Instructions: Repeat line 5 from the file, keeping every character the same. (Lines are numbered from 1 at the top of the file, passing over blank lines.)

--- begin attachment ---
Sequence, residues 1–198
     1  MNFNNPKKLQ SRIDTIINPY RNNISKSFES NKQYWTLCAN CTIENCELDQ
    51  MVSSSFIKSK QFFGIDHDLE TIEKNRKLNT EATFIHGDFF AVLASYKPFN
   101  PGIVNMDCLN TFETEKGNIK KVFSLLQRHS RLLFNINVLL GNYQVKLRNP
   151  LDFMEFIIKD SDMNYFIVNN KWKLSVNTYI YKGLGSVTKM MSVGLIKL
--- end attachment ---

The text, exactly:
   151  LDFMEFIIKD SDMNYFIVNN KWKLSVNTYI YKGLGSVTKM MSVGLIKL